It is a peculiarity of the USA that it takes positions on the weaponry of the rest of the world. It installs itself as the superpower referee who defines which weapons are legitimate or illegitimate, as if America is a power above conflicts. This suits its goal to be the world’s superpower without challenge. That’s not how it looks to most Americans; they see the whole world as a place for the US to judge whether there is war or peace, and a recalcitrant state is by definition a disturbance of the peace.

The press has hailed the deal with Iran as a victory for diplomacy over force because Obama is sparing the USA from another un-won war. Many people think that diplomacy has to something do with non-violence because diplomats don’t carry guns. But what kinds of demands are being raised in diplomatic negotiations? The same demands that lead to war. The basis of all diplomacy between states is the threat they can bring to bear; and America uses all the means at its disposal, diplomatic as well as military.

The carrot is that a state can enter into the capitalist world market and try its luck there; the stick is American intransigence at all places. If anyone thinks that Obama is a peacenik because he offers a carrot to those in conflict with the US, it should be remembered that this only leads to an American-defined peace if the other side agrees to concede.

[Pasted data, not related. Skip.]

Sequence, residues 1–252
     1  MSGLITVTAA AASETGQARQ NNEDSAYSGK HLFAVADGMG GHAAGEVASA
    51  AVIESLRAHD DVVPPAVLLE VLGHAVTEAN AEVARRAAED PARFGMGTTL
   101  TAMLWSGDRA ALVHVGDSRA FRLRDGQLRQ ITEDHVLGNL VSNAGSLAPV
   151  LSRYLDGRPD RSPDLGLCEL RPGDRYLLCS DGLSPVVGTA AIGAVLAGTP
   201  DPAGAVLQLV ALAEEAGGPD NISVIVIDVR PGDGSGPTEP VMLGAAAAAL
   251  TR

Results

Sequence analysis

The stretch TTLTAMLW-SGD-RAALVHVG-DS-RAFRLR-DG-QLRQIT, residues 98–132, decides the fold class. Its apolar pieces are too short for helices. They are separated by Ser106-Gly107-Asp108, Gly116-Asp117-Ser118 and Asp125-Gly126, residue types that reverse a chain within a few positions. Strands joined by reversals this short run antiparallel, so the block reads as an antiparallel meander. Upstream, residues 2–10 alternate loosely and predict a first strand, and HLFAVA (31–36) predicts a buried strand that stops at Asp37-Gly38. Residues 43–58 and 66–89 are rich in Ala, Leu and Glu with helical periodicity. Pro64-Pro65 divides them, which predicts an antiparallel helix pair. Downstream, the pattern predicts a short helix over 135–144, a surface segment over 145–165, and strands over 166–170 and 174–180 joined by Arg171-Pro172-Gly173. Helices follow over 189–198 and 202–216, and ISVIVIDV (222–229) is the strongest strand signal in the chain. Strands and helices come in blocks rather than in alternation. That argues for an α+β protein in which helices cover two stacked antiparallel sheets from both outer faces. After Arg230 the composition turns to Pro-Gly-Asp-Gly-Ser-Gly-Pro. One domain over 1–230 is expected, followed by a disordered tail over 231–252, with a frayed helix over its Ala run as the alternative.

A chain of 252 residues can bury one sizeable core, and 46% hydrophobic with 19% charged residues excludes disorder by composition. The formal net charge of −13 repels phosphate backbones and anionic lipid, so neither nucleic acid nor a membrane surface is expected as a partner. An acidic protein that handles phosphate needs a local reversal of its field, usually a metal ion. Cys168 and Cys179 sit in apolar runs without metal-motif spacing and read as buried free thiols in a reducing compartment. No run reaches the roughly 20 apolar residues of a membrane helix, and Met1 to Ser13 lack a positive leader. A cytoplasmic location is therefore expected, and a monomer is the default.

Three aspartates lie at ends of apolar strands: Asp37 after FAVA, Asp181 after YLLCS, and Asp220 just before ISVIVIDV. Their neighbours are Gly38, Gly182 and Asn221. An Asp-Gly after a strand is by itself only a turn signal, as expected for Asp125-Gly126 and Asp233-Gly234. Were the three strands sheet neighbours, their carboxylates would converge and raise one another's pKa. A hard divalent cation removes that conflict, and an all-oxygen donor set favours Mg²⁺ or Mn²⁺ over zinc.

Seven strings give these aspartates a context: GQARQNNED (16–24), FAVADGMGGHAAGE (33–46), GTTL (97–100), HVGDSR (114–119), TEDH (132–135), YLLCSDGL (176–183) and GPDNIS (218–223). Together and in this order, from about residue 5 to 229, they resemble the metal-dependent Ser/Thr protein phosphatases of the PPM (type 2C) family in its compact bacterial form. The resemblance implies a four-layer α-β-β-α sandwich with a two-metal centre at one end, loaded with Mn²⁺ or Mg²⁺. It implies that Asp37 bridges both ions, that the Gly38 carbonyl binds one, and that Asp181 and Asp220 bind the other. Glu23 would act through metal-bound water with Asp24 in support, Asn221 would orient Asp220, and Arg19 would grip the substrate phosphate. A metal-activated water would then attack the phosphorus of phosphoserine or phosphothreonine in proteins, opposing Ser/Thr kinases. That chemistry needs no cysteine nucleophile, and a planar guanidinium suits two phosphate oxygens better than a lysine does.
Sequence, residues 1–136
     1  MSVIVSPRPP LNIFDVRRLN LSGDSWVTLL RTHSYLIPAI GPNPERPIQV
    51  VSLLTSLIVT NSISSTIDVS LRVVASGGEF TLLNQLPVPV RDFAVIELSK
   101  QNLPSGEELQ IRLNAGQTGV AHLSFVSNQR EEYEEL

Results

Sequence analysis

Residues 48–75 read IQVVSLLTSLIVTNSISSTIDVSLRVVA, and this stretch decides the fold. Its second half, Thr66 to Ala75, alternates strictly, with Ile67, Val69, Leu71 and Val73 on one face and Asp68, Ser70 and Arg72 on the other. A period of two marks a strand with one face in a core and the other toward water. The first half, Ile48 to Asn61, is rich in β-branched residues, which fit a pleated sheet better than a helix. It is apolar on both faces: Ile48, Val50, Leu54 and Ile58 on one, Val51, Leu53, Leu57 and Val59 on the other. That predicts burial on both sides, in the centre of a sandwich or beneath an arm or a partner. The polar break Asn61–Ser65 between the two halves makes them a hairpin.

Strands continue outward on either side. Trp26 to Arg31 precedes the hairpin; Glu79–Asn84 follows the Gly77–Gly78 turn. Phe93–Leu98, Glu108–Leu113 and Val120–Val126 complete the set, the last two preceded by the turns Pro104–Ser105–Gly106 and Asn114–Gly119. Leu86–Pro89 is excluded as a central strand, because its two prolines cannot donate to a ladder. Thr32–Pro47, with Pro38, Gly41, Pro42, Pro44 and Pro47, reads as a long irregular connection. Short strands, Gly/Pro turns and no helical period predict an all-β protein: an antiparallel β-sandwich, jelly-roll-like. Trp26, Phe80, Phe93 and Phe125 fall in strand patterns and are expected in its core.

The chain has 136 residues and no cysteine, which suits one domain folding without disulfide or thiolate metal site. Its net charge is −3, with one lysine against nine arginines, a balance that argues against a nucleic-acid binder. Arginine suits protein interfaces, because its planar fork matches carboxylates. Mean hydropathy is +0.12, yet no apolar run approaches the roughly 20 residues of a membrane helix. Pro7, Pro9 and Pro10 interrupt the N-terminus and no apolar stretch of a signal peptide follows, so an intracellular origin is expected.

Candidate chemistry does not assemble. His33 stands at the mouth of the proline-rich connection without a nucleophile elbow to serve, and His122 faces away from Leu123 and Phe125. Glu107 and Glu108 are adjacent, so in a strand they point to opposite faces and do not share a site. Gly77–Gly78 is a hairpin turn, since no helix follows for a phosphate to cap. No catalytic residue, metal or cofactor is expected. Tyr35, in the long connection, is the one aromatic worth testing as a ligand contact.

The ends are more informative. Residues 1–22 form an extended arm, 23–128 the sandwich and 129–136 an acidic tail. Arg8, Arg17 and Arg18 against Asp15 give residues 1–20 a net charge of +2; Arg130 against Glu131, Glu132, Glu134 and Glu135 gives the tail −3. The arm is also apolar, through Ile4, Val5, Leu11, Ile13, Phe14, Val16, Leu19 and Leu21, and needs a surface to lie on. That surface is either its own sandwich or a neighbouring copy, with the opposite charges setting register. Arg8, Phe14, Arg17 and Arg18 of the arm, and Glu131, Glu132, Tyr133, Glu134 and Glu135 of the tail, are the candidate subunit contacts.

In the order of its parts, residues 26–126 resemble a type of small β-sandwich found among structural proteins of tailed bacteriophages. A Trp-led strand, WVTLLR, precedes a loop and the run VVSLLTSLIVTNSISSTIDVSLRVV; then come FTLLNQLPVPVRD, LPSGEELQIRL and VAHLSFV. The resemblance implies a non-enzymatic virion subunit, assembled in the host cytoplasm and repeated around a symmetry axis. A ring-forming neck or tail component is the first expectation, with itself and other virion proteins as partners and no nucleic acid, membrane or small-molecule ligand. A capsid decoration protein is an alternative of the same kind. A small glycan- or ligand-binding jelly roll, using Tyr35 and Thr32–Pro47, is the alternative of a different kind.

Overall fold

The nuclear agreement with Iran changes nothing in the basic hostility between the USA and Iran except that this is a victory for the US and for Obama’s strategy. Obama is using the occasion of the deal to make even more demands on Iran. Its should be clear that this is not going to end until the Iranian state turns into something that America finds agreeable.

Geoffrey McDonald is an editor at Ruthless Criticism. He can be reached at: ruthless_criticism@yahoo.com

More articles by:
Weekend Edition
May 27, 2016
Friday - Sunday
John Pilger
Silencing America as It Prepares for War
Rob Urie
By the Numbers: Hillary Clinton and Donald Trump are Fringe Candidates
Andrew Levine
Hillary’s Gun Gambit
Paul Street
Feel the Hate
Daniel Raventós - Julie Wark
Basic Income Gathers Steam Across Europe
Gunnar Westberg
Close Calls: We Were Much Closer to Nuclear Annihilation Than We Ever Knew
Jeffrey St. Clair
Hand Jobs: Heidegger, Hitler and Trump
S. Brian Willson
Remembering All the Deaths From All of Our Wars
Dave Lindorff
With Clinton’s Nixonian Email Scandal Deepening, Sanders Must Demand Answers